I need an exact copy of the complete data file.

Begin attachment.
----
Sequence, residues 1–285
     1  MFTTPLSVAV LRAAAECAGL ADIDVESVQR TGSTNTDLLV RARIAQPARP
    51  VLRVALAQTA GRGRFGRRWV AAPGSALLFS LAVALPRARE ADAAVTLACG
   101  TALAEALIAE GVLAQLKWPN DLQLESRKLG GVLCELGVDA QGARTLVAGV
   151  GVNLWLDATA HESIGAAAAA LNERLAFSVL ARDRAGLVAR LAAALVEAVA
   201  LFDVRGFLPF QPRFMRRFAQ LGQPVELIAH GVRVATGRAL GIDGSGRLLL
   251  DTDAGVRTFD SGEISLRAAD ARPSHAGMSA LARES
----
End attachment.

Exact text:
Sequence, residues 1–285
     1  MFTTPLSVAV LRAAAECAGL ADIDVESVQR TGSTNTDLLV RARIAQPARP
    51  VLRVALAQTA GRGRFGRRWV AAPGSALLFS LAVALPRARE ADAAVTLACG
   101  TALAEALIAE GVLAQLKWPN DLQLESRKLG GVLCELGVDA QGARTLVAGV
   151  GVNLWLDATA HESIGAAAAA LNERLAFSVL ARDRAGLVAR LAAALVEAVA
   201  LFDVRGFLPF QPRFMRRFAQ LGQPVELIAH GVRVATGRAL GIDGSGRLLL
   251  DTDAGVRTFD SGEISLRAAD ARPSHAGMSA LARES